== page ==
It's been a quiet time in the Kidlitosphere lately. But I do have a few links saved up to share with you.
The third issue of Literacy Lava is now available. Literacy Lava is a free downloadable magazine (in PDF format) dedicated to encouraging children's literacy. It's produced by Susan Stephenson from The Book Chook. Susan says: "It's another great issue, exploding with tips for parents about ways to encourage literacy in family life. Find out what your local library has to offer, read ideas on making books with kids, sneak some learning into shopping, discover games that build literacy skills, develop imagination while playing Grocery Store, make writing part of your family's life, read why picture books are so good for kids, and find out how literacy helped one child fight night terrors. Don't forget to check out the Online Extras page, and the Writing Prompt activity page for kids." I hope that you'll all check it out. [Image credit: Susan Stephenson, The Book Chook.]
The Book Chook also recently linked to an Australian study that found that most kids are largely sedentary, and that "Preschoolers are spending 85 per cent of their waking hours inactive". Susan went on to discuss ways to balance the need to encourage literacy AND encourage kids to be active. She suggests: "Making small changes might be the best way to start. We could swap half an hour of TV watching with half an hour of family walking or bike riding in the park. Once the whole family is involved, it becomes not only a healthy habit, but a way for everyone to wind down after work and school, and a great opportunity for casual conversation." She also suggests focusing TV time on shows that encourage kids to move around, rather than sitting passively.
Outgoing National Ambassador for Young People's Literature Jon Scieszka had a great article in the December 11th Huffington Post. Scieszka says: "I used my two-year term to work on reaching the reluctant reader: that's the kid who might be a reader, who could be one, but just isn't that interested in reading. The new Ambassador will have his or her own program, and ideas on connecting kids with reading." He then outlines his top advice for encouraging reluctant readers. Although the advice is technically focused on kids who aren't so into reading, I think that it's a great list of tips for anyone. For example: "If a kid doesn't like one book, don't worry about finishing it. Start another. The key is helping children find what they like." Click through to see the whole list. Thanks to Meghan Newton from Goodman Media for sending me the link.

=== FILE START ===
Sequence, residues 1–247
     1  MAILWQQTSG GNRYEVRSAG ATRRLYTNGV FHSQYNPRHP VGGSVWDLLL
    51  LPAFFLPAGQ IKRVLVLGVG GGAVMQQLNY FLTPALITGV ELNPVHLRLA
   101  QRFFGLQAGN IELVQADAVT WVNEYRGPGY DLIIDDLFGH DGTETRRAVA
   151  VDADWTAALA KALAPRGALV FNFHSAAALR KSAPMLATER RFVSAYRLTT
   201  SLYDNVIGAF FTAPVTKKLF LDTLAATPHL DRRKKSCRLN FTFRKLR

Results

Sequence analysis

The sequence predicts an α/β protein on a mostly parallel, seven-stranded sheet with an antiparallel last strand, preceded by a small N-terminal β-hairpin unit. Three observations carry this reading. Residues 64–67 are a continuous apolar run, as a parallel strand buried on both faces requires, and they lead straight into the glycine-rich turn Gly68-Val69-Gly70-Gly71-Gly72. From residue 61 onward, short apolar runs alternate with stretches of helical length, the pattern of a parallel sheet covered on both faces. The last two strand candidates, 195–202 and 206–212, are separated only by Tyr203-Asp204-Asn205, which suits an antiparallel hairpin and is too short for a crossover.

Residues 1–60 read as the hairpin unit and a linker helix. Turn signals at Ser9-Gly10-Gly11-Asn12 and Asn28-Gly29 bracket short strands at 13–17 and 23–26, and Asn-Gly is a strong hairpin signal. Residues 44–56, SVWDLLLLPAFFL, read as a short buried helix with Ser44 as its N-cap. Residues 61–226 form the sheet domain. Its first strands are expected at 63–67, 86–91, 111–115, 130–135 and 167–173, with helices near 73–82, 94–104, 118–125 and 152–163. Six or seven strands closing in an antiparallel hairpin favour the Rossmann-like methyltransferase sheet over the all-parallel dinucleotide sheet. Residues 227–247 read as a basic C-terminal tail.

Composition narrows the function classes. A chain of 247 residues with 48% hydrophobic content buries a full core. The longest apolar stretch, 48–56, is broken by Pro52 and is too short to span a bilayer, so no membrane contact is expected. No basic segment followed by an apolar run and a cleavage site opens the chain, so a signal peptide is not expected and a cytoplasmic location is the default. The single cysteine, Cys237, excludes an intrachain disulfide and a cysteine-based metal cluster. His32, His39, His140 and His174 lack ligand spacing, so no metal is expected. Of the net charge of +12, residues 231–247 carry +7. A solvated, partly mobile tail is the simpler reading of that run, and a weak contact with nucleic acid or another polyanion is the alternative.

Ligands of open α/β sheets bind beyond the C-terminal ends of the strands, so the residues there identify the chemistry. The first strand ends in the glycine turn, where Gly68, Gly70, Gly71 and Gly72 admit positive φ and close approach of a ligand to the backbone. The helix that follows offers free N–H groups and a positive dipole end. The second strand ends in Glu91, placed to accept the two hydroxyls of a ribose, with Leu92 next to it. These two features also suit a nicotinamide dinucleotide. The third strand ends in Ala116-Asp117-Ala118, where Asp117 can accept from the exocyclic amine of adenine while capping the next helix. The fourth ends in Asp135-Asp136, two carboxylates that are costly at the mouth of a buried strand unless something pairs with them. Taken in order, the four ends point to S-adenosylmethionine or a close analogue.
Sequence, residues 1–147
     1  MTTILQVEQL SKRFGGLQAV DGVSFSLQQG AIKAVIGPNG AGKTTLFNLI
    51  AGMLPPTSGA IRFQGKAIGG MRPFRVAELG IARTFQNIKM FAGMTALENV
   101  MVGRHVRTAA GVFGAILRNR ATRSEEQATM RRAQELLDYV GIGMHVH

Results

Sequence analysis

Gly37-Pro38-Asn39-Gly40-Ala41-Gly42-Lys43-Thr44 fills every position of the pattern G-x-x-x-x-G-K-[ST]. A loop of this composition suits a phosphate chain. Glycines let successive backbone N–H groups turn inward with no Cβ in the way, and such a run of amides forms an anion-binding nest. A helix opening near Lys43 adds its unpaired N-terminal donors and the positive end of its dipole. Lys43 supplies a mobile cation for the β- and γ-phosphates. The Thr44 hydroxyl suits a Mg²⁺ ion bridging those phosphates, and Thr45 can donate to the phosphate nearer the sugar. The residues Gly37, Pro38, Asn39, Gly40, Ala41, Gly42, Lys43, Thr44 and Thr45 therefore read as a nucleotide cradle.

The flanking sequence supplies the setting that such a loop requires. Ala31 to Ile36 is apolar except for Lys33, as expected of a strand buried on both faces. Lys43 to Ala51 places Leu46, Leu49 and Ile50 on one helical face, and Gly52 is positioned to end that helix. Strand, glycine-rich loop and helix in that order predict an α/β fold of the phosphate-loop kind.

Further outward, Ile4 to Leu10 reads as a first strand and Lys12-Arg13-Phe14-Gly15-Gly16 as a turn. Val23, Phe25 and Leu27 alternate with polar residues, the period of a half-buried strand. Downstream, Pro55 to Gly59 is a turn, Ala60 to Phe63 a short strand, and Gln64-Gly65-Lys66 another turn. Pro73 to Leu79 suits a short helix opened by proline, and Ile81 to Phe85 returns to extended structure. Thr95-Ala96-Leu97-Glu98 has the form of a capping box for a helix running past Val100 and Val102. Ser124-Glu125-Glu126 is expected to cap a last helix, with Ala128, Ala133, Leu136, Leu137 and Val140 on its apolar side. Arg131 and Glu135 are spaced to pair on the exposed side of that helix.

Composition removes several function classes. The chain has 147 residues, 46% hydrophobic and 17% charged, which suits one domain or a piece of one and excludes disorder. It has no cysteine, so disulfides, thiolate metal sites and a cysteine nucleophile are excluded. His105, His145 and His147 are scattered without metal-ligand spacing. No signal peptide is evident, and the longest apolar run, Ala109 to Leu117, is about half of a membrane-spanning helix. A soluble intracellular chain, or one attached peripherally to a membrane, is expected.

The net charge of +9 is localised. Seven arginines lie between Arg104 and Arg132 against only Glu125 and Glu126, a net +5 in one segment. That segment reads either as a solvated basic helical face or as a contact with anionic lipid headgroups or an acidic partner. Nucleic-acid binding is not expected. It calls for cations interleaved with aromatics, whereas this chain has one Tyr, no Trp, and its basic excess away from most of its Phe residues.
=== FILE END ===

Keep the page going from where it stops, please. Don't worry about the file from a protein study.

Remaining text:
The Washington Post's Answer Sheet recently ran a guest column from Donalyn Miller, The Book Whisperer about whether good readers are born or made. Miller says: "The widespread belief that some readers possess an innate gift, like artists or athletes, sells many children short. I often hear parents claim, "Well, my child is just not a reader," as if the reading fairy passed over their child while handing out the good stuff." She adds: "The strong readers always outstrip the weaker readers because they practice, finesse, and expand their reading skills through hours and hours of reading." She also outlines the conditions that have been found to increase "reading engagement" in kids. Things like time to read, access to books, and reading role models. Click through for more details.
Our own Terry Doherty has a timely post at The Reading Tub, chock-full of holiday gift ideas that keep an "I" towards literacy. She notes: "With the kids in my life, I look for gifts that look more fun than educational. For example, kids who love mysteries and riddles might enjoy word puzzles or games. Because it is a game, then don't notice that they're practicing spelling, expanding their vocabulary, or learning synonyms and antonyms." She then suggests pen and paper games ("that you can create yourself, find online, or purchase in a "formal" game") as well as board games.
Terry also found a fun article with tips for practicing family literacy at home and in your community. Cindy Taylor shares an alphabet themed list that has everything from "Ask your child questions about the story you're reading to ensure comprehension" to "Zap off the TV - pick up a book instead!". I also liked "Quiet, cozy reading spaces are good places for your child to read independently."
Also from Terry, an article at Literacy News on teaching about language through reading aloud. The article emphasizes in particular the benefits of dads reading aloud to kids, saying: "When dads read aloud to them, children are learning many different things. They are learning about the world, they are learning to love books and reading, and they are learning about language. This learning about language occurs mainly as children hear, see and understand the language as it is used". My Dad always read us The Night Before Christmas every Christmas Eve, and I can testify first-hand that this kind of experience leaves a lasting impression.
And on that note, I'll leave you with my hope that for those of you who celebrate Christmas, it's a festive and happy experience for you this year. [And don't miss Pam's post on celebrating Christmas around the world.] For those who celebrate Hanukkah or Kwanzaa or some other holiday - I hope that is, or was, wonderful, too. Me, I'm wishing for, and giving, books for Christmas, and gifting myself time to read them. Happy Holidays!